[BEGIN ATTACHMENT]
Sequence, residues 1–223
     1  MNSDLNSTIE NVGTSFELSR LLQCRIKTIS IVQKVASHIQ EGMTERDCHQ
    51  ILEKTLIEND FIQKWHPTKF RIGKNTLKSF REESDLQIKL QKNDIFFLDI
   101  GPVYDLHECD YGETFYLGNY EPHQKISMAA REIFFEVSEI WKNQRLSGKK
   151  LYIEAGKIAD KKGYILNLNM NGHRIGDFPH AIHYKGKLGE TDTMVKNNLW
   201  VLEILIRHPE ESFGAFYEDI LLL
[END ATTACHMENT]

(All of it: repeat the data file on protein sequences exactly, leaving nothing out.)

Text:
Sequence, residues 1–223
     1  MNSDLNSTIE NVGTSFELSR LLQCRIKTIS IVQKVASHIQ EGMTERDCHQ
    51  ILEKTLIEND FIQKWHPTKF RIGKNTLKSF REESDLQIKL QKNDIFFLDI
   101  GPVYDLHECD YGETFYLGNY EPHQKISMAA REIFFEVSEI WKNQRLSGKK
   151  LYIEAGKIAD KKGYILNLNM NGHRIGDFPH AIHYKGKLGE TDTMVKNNLW
   201  VLEILIRHPE ESFGAFYEDI LLL